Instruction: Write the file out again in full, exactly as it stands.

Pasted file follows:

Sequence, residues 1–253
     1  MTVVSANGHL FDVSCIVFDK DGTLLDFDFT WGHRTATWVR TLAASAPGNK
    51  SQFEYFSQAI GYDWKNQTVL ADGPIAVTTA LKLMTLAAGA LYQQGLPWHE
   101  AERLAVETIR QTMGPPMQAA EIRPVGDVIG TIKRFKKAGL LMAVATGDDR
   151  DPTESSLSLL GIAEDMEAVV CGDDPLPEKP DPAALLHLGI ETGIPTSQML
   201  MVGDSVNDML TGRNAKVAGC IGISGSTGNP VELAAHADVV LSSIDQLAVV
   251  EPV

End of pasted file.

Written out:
Sequence, residues 1–253
     1  MTVVSANGHL FDVSCIVFDK DGTLLDFDFT WGHRTATWVR TLAASAPGNK
    51  SQFEYFSQAI GYDWKNQTVL ADGPIAVTTA LKLMTLAAGA LYQQGLPWHE
   101  AERLAVETIR QTMGPPMQAA EIRPVGDVIG TIKRFKKAGL LMAVATGDDR
   151  DPTESSLSLL GIAEDMEAVV CGDDPLPEKP DPAALLHLGI ETGIPTSQML
   201  MVGDSVNDML TGRNAKVAGC IGISGSTGNP VELAAHADVV LSSIDQLAVV
   251  EPV